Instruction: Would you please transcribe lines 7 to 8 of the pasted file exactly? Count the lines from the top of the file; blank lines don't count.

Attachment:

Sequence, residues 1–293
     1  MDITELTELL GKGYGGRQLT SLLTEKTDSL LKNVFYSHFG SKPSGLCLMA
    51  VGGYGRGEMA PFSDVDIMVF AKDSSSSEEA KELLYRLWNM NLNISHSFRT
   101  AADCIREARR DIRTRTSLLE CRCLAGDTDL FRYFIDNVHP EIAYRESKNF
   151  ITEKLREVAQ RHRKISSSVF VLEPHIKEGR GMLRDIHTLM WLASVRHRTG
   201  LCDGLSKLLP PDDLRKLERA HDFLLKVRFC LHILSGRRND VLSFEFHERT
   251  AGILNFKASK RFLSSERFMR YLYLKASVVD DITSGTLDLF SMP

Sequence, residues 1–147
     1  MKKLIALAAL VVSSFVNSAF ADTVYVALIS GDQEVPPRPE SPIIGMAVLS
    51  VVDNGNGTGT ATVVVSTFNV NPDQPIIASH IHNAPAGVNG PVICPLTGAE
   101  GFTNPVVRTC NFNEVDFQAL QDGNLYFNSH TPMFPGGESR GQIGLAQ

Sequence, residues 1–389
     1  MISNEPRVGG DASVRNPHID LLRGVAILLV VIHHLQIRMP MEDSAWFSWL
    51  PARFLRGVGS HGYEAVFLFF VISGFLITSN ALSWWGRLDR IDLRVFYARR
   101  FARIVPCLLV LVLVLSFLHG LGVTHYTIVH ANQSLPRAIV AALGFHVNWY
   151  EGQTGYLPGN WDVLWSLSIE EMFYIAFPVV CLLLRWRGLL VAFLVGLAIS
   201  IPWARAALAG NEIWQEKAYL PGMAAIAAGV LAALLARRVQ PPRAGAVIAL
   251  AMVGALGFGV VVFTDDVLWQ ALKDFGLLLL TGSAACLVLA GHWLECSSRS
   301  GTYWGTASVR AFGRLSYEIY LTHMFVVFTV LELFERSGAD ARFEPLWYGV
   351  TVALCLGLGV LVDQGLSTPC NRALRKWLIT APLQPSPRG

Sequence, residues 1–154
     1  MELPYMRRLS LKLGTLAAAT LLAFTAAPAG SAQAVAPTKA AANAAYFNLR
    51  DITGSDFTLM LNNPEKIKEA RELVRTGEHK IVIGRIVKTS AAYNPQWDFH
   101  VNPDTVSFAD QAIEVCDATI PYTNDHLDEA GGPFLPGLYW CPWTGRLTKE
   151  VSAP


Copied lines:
   251  AGILNFKASK RFLSSERFMR YLYLKASVVD DITSGTLDLF SMP

Sequence, residues 1–147